The kids are not all right
Arguably, our children are suffering the most right now. Research evidence seems to support this with child mental-health difficulties increasing, particularly in respect to anxiety and depression.
There are a few reasons why we should be especially mindful of children and how they are coping. First, that they have all of the suffering but less of the resilience. Children’s brains aren’t fully developed — our brains aren’t fully developed until 25 or so — and so they don’t have the same emotional resilience as adults.
While adults rely more heavily on the prefrontal cortex (the rational, planning part of the brain) for problem solving, teens process information with the amygdala (the emotion centre of the brain). They may not be “thinking” as much as they are “feeling”.
Developmentally, children benefit from being social. Social interactions and play is the classroom of life, as it were. They learn to negotiate, understand others, empathise, be compassionate, assert themselves and discover who they are. When they are out of social situations for any protracted period, these moments are lost. Aside from that, we all need social interaction, and a lack of contact and connection leaves children isolated and lonely. Teens, in particular, are developmentally going through a stage of developing separation and independence. Restrictions on their activities hugely hamper this transition.
For some of our children, these are important years. As an adult, we can be fortunate, if you will, that our years become quite similar and plateaued. One or two years of disruption may be unsettling and frustrating, but not that impactful overall. For children, they might be in academic years that have ramifications for their future. For some, they are managing a pandemic while also studying for the most important examinations of their life. Or, it might be their first year at university, and they are at home studying in their bedroom — no student bar, no parties, no bonding. For some children, it isn’t just any year, it is a memorable, impactful or sentimental year. A year they will not be getting back.
As a parent, it is helpful to observe changes in your child. This may be more obvious changes in mood such as depression, anxiety or irritability, but could be more subtle, such as changes in sleep, appetite, motivation and enjoyment. Hard to spot in a teen, but keep an eye out for withdrawal and any secretive behaviour. Self-destructive behaviours such as substance use, self-harm and suicidal thoughts are especially concerning and likely warrant professional support.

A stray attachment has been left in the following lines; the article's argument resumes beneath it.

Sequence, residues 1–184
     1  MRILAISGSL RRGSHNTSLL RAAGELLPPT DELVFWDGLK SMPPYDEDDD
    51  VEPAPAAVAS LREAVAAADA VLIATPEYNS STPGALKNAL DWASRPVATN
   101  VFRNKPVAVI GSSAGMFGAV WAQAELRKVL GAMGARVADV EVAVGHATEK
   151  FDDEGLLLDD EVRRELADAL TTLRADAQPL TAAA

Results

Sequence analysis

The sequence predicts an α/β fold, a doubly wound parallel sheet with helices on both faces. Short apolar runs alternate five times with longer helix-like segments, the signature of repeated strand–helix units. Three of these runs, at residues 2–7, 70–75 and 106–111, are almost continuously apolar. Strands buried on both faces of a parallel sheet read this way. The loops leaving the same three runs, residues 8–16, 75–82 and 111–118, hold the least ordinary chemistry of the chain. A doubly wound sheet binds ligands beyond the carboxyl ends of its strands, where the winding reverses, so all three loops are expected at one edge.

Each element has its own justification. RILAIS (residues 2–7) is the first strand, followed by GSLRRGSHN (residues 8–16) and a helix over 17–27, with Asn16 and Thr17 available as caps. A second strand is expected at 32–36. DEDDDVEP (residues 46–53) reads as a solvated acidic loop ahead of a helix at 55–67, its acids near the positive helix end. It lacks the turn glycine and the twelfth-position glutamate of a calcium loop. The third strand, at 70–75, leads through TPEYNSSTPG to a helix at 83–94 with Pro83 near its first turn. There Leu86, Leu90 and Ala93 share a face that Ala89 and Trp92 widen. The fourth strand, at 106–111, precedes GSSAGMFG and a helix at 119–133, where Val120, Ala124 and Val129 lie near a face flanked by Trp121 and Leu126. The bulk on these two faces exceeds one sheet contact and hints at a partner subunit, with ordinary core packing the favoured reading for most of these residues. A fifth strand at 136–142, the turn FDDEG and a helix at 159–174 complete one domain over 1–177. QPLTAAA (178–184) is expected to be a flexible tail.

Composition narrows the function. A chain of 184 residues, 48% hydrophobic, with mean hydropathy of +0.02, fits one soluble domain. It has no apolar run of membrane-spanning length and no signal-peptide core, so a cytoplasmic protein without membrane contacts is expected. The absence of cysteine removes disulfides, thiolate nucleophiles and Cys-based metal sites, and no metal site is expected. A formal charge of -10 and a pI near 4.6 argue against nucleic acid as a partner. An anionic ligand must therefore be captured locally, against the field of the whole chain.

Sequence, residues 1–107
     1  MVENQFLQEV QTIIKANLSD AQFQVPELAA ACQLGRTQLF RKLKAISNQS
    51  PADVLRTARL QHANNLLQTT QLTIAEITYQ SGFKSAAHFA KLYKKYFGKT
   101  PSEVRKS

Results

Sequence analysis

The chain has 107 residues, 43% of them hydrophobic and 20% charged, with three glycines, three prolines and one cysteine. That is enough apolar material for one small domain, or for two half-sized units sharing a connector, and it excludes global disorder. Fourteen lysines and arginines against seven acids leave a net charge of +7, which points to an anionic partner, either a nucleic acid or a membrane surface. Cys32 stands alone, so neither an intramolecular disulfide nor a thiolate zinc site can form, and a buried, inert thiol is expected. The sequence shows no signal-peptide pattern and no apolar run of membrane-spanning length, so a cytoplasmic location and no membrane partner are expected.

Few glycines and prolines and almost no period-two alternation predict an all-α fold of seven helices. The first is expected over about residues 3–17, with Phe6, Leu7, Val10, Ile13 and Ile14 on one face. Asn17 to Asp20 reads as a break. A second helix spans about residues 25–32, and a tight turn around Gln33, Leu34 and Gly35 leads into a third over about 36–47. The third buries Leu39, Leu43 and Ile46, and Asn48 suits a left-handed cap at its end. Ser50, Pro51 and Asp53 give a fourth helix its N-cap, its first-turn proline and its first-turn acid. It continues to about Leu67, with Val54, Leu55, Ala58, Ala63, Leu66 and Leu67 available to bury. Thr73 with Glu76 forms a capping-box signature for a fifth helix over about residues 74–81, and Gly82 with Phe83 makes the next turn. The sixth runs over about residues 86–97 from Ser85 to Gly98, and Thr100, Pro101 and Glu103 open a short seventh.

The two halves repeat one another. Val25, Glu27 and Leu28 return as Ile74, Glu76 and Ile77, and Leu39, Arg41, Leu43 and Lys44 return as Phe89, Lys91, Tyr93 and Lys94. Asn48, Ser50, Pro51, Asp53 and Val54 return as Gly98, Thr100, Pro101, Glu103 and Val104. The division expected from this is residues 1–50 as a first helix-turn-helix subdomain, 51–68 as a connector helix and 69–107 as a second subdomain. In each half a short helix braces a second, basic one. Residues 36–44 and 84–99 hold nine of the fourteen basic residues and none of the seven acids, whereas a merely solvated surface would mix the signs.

For older children, although the urge may be to problem-solve for your child or reassure them, try to ask open questions and provide spaces where they can just think things through with you. Consider yourself a sounding board first, and maybe advice-giver as secondary to this. The more non-judgmental and open you can be, the more you invite them to engage with you. Validating and normalising are also likely to be helpful. Bear in mind that often as a parent, despite being a wonderful and supportive carer, teens just think you are the last person in the world they want to talk to. If that is the case, encourage your child to talk to supportive, wise adults — either in your family and community or professionally.
Younger children may benefit from more explanation and reassurance. Again, give your child the opportunity to ask questions. Using play and games to talk about what is going on may make information more accessible and less frightening. For younger children, be mindful of how adults in the home express their anxiety and stress.
We think about children being resilient, and they often are, but let’s not underestimate their struggles.
• Gemma Harris, ClinPsyD, is Director of Corporate Wellness at Solstice, and writes on Instagram as @theexdoctor